Very Bad Things (1998)

Written and Directed by Peter Berg
Starring Jon Favreau, Cameron Diaz, Christian Slater, Jeremy Piven, Daniel Stern

My Advice: Wait for MST3K.

Life is great for Kyle (Favreau).  He's about to be married to a woman who is ostensibly the girl of his dreams (Diaz).  But just beforehand, his buds take him on a whacked-out bachelor party tour of Vegas, which ends in a prostitute's (Kobe Tai) accidental death at the hands of the bumbling (and horny) Michael (Piven).  Given the amount of illegal substances hanging around the hotel room, real estate mogul Boyd (Slater) convinces everyone that they should not call the police but instead bury her body in the desert...and it all goes to hell from there.

Unfortunately, the movie goes straight to hell as well.  We start off with a great concept, which seems like a comedic morality play in hell.  Watch a study in which seemingly normal people crumble into bits one by one.  But Berg couldn't make up his mind what he wanted as far as a genre.  At times, the pseudo-suspense of "Who's going to crack and let the cat out of the bag?" marks this film as a thriller.  At times, the individual fates of the five friends seems like the morality play I mentioned.  At times, you get the idea that it wants to be a comedy.  But whereas a film that jumps around and can't make up its mind what it wants to be is merely mediocre, this film's out and out tasteless cruelty makes it an embarrassment.  It makes the Farrelly Brothers look like Merchant Ivory, which I believe was Berg's intention.  If that is indeed the case, it only goes to show that he has entered the David Caruso Society and will no doubt be crawling back to television within a few years.  Let me put it to you this way: I can't remember the last time I was so completely offended by a film.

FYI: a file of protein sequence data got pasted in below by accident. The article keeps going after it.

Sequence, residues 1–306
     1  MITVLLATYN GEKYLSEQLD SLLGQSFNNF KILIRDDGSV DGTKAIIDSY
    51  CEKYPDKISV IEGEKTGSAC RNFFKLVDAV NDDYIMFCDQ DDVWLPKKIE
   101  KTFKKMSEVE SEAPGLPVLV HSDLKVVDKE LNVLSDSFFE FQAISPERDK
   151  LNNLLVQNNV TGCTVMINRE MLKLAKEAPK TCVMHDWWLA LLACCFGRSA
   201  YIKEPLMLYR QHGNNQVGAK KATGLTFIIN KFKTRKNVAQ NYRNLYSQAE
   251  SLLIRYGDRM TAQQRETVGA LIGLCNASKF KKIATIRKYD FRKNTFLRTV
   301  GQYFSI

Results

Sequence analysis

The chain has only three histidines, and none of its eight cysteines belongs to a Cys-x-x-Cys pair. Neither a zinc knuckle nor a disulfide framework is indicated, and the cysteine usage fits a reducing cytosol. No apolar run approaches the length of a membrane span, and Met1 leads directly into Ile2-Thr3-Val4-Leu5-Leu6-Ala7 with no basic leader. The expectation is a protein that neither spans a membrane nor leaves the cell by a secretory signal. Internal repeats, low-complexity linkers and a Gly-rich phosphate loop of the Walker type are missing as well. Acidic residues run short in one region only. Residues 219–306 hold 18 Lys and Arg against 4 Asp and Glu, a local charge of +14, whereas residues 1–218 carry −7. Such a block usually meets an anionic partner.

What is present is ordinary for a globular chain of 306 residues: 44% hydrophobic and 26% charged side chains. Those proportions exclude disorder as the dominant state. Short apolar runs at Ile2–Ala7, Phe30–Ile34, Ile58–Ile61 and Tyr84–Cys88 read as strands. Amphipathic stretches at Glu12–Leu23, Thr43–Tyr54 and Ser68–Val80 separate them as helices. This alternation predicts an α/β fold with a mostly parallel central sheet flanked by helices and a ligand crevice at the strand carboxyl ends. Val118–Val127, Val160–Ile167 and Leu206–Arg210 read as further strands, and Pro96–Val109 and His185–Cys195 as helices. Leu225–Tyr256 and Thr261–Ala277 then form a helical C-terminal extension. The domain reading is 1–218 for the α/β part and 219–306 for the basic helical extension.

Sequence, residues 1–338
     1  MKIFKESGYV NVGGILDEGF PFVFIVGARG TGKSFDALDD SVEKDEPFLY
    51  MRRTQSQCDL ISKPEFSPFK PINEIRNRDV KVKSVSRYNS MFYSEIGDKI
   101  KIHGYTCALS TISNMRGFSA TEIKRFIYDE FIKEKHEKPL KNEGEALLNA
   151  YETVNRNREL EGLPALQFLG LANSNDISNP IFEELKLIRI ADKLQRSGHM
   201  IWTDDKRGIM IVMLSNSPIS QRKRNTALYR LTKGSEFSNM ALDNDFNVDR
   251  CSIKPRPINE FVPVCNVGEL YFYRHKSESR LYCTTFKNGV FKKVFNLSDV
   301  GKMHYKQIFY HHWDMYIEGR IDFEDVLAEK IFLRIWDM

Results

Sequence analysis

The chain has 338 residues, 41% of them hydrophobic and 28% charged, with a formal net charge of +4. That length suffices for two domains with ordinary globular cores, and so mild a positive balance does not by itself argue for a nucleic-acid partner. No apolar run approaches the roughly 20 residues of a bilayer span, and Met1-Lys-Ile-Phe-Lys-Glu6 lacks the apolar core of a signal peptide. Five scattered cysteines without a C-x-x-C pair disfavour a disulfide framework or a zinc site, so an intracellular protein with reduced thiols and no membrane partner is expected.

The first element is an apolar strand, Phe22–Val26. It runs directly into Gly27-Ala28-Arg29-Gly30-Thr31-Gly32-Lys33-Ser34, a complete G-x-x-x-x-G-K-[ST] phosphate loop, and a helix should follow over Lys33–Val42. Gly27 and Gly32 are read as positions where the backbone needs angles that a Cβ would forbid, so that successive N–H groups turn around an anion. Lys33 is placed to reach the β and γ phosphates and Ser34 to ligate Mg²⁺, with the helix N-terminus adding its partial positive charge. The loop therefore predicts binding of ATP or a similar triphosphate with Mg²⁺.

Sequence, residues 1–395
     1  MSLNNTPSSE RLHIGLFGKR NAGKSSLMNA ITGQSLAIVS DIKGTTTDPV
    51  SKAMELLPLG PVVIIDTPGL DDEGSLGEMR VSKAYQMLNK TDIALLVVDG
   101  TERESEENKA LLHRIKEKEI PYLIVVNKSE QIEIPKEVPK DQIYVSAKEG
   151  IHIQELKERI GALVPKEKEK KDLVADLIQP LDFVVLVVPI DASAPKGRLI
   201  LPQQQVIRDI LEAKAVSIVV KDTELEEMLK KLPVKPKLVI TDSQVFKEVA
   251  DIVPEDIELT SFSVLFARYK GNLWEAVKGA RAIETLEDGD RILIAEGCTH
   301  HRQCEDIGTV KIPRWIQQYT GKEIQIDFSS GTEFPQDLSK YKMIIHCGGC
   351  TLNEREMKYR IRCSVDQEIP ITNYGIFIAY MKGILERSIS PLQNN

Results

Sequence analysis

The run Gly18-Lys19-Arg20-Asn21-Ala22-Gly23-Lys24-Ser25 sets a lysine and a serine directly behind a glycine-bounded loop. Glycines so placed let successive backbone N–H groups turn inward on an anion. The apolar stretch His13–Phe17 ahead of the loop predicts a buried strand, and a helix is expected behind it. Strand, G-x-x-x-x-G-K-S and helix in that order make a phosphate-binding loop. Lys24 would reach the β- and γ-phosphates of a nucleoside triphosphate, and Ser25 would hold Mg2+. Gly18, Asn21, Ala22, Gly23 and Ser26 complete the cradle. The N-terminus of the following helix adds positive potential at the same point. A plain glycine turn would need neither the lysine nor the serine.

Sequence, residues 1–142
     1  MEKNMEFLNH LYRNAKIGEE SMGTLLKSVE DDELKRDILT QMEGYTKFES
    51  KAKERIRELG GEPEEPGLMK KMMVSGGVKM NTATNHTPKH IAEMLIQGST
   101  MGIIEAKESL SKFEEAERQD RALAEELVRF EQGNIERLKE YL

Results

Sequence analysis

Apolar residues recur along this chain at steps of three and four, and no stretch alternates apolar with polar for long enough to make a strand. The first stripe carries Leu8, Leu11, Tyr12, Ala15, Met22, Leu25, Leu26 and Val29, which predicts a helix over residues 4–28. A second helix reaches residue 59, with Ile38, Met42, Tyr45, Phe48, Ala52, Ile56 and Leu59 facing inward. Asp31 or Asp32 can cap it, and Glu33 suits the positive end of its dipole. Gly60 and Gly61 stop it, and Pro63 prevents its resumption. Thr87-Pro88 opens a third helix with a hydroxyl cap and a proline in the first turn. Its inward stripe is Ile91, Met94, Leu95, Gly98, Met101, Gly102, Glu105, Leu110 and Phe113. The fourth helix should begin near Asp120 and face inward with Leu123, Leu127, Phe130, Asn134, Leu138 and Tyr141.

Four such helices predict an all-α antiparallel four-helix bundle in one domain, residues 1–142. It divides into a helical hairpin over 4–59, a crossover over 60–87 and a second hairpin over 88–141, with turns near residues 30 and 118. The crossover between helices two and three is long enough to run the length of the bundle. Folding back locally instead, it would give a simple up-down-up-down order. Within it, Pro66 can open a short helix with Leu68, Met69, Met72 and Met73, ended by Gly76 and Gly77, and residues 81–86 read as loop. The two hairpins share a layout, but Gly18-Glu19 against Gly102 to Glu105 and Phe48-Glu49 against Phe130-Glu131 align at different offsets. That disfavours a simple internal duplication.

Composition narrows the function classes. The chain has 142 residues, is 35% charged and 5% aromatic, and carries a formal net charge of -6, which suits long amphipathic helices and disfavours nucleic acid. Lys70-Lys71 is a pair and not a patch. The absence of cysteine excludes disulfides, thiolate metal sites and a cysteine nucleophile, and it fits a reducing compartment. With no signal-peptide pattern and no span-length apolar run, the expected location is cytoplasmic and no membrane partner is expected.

As for the cast, the only ones worth mentioning are Daniel Stern's frenetic guilt-ridden family man and Leland Orser's mechanic who decides to reform and join Greenpeace.  But still, you wonder about any of their judgements if they thought this film was funny.  It had its moments, but its utter pointless sadism makes the movie unwatchable.  Never have I wanted to walk out of a film more than this one.  Congratulations, Peter.

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